1. If love is a result of the indwelling of the Holy Spirit, does that clear up our concern about not having a natural desire to love others, including a concern about a natural love for God? (It shows us where to go to obtain something that we cannot obtain through hard work and determination.)

    2. Read 1 Corinthians 13:1-3. Are Jesus and Paul in agreement on the importance of love? (Jesus says everything hangs on it and Paul says other good works and spiritual powers do not matter without it.)

    3. Read 1 Corinthians 13:4. Consider each of those character traits and whether they exist in your life?

      1. Do these exist when you drive your car?

    4. Read 1 Corinthians 13:5. Consider each of those character traits and whether they exist in your life? (If you are like me, you probably said "mostly no" to the traits in verse 4, but did a little better with the traits mentioned in verse 5.)

    5. Read 1 Corinthians 13:6-7. I'm an optimist, and my family teases me about my frequent use of the phrase "I hope not" when someone says something negative. How about you? Are you hopeful? (After admitting all of these bad things about myself, I've got to mention something good!)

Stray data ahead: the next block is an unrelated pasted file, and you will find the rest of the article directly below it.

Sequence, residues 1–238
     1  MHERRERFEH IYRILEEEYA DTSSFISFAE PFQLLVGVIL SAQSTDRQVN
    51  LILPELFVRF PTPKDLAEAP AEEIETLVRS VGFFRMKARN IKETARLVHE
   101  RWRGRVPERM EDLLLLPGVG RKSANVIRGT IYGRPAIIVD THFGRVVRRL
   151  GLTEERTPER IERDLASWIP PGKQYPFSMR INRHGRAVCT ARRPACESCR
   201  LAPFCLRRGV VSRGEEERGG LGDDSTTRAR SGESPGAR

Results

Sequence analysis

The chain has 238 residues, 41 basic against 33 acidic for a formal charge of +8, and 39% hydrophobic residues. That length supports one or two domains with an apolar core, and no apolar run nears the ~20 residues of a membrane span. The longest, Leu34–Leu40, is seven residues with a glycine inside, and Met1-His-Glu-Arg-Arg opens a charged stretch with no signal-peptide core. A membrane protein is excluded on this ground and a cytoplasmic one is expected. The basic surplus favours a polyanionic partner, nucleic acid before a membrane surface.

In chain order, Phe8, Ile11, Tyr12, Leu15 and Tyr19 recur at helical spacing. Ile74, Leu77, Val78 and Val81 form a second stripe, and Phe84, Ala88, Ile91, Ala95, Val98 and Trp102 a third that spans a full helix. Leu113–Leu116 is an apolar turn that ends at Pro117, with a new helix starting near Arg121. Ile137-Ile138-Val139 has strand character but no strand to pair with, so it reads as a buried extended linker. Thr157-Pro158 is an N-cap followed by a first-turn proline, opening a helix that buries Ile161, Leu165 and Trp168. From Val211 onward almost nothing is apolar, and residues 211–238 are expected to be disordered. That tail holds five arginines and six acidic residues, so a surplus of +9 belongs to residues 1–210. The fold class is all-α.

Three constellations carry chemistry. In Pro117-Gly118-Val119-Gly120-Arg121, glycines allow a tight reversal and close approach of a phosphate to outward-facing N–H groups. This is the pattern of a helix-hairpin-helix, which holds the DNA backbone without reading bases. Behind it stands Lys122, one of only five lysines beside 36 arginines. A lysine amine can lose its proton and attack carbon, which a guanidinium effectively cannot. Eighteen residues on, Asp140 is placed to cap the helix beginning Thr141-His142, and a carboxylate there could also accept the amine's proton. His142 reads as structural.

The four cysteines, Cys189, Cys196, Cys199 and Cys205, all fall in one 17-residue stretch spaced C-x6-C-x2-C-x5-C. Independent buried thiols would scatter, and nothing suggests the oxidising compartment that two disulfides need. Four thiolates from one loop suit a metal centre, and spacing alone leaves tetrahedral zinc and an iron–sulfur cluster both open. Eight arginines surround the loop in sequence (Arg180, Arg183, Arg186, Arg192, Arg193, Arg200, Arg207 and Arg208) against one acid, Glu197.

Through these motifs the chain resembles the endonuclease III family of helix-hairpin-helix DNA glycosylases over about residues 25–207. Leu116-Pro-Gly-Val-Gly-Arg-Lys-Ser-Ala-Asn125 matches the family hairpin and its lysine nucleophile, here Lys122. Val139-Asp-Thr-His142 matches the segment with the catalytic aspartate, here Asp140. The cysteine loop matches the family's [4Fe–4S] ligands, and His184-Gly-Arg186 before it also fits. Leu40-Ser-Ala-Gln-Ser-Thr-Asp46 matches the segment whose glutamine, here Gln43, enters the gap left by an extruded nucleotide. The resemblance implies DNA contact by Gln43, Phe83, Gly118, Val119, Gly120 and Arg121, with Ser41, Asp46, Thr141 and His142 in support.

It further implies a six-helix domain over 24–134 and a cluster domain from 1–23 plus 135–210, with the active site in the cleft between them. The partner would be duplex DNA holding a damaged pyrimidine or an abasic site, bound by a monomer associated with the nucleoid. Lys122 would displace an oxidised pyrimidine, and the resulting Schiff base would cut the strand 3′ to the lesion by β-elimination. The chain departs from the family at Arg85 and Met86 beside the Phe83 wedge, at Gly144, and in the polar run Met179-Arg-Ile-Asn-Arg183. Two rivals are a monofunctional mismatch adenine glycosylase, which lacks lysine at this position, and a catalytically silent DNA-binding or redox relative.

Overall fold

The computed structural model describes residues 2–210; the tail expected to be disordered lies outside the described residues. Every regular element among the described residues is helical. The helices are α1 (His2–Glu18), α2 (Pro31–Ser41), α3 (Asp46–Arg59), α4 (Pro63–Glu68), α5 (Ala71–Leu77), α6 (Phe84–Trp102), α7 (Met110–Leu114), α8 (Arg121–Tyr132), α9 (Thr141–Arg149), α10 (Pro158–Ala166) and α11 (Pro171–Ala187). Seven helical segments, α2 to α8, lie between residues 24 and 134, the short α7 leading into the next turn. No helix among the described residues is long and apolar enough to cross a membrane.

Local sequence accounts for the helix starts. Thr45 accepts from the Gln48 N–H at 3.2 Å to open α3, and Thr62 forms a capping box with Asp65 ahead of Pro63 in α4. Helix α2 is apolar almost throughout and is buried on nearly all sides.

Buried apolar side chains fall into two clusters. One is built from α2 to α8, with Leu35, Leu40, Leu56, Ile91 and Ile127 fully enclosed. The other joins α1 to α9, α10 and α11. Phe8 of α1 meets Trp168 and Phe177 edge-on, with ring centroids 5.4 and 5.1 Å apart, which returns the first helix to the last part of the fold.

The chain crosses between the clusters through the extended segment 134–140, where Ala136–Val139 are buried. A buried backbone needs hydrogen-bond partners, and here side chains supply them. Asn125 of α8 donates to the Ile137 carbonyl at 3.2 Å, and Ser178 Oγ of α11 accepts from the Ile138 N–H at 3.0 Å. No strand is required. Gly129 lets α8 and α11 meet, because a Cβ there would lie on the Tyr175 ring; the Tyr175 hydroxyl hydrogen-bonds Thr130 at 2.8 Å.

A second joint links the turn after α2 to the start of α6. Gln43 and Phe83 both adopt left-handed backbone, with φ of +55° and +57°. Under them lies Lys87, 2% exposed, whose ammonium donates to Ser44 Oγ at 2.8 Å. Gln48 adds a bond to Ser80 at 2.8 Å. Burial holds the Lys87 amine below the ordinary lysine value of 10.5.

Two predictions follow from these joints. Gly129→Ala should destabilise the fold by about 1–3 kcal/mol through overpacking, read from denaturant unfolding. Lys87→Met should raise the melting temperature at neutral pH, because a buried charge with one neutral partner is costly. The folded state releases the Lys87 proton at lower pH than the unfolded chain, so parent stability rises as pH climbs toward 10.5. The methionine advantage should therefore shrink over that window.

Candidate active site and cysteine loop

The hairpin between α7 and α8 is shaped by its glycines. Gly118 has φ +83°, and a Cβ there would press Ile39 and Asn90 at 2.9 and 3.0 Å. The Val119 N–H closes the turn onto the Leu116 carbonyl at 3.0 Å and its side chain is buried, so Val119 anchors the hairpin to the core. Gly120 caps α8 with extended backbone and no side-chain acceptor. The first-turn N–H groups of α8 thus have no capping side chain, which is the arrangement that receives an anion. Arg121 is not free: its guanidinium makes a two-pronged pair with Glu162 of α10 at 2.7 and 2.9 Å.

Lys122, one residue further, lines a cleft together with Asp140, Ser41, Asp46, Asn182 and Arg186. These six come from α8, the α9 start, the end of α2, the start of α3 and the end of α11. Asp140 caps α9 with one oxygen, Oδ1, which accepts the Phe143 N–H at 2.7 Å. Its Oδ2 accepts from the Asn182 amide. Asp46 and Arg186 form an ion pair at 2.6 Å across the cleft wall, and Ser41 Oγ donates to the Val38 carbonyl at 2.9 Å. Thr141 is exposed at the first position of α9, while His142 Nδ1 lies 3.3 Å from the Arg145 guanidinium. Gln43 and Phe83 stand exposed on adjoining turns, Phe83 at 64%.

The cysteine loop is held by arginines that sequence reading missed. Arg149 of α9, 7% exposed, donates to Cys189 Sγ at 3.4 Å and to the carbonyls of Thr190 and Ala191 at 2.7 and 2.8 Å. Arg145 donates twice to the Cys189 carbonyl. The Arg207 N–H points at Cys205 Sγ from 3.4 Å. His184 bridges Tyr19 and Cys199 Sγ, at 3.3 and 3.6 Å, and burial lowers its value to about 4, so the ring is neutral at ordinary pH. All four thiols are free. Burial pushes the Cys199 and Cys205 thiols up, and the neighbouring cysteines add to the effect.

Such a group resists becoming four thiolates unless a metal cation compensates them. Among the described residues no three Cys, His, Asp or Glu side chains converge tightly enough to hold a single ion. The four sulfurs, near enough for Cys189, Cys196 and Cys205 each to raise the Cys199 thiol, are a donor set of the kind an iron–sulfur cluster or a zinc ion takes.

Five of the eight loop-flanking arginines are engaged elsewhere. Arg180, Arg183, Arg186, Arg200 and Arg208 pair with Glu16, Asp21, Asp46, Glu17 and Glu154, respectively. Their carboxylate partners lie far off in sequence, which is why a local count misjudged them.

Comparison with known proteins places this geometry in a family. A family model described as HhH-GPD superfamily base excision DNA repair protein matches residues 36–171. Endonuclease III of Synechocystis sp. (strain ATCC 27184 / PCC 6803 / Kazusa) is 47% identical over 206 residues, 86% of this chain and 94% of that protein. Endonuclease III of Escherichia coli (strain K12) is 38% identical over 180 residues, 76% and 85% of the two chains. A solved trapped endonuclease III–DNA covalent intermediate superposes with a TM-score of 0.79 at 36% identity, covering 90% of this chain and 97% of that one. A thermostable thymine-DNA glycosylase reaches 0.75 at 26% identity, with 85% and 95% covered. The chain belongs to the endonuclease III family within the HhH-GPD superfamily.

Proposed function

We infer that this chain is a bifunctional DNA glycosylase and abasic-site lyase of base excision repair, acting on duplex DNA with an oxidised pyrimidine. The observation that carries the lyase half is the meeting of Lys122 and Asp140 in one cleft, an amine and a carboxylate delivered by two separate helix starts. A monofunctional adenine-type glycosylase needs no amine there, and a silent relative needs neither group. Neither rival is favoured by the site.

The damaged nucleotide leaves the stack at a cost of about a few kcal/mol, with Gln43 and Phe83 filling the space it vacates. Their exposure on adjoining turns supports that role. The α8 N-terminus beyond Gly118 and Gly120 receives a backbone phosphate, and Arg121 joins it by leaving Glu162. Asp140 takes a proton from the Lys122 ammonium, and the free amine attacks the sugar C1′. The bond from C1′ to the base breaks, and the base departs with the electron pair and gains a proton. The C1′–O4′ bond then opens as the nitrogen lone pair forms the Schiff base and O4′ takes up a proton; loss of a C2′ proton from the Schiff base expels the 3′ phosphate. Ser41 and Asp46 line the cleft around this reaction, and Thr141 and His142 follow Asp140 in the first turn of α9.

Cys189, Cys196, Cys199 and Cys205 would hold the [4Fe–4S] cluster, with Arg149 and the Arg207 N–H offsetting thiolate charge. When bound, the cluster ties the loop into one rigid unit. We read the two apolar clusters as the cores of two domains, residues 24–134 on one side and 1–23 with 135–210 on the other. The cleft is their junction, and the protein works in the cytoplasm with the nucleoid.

1. What about the issue of "delighting" in evil? There is some evil that all of us hate, but is there some evil that you like? An evil that takes advantage of others? Or, harms others?

    6. This is not "beat yourself up" week, but if you are honest, from the very beginning of this study of love we can see that when we use God's definition of love, we fall far short of the love standard that God has set for us. Indeed, we are not completely clear (or do not want to be clear) on what He requires.